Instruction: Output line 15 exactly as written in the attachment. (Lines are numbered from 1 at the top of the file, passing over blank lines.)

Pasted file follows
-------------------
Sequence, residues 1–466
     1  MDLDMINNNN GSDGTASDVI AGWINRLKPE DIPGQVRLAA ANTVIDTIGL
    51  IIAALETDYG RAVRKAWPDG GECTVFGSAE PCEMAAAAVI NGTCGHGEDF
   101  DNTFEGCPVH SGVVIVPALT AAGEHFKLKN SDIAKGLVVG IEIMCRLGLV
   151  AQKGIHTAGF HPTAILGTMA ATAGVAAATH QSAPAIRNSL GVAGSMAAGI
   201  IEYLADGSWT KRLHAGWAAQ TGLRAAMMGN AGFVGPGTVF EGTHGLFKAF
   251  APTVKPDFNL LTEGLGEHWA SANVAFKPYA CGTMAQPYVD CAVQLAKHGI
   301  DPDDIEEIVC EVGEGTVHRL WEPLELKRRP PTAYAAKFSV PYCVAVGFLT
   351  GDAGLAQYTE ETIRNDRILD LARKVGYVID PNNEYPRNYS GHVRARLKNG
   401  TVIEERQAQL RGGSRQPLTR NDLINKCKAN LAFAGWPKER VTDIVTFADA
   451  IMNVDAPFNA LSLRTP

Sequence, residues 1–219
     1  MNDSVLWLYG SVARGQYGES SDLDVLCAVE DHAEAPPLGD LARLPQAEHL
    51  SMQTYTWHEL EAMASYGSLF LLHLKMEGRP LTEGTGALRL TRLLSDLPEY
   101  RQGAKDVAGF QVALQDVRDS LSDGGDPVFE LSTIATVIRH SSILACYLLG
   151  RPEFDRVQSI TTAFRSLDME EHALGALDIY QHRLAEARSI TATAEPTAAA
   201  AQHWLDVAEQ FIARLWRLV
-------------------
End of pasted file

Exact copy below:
   101  RQGAKDVAGF QVALQDVRDS LSDGGDPVFE LSTIATVIRH SSILACYLLG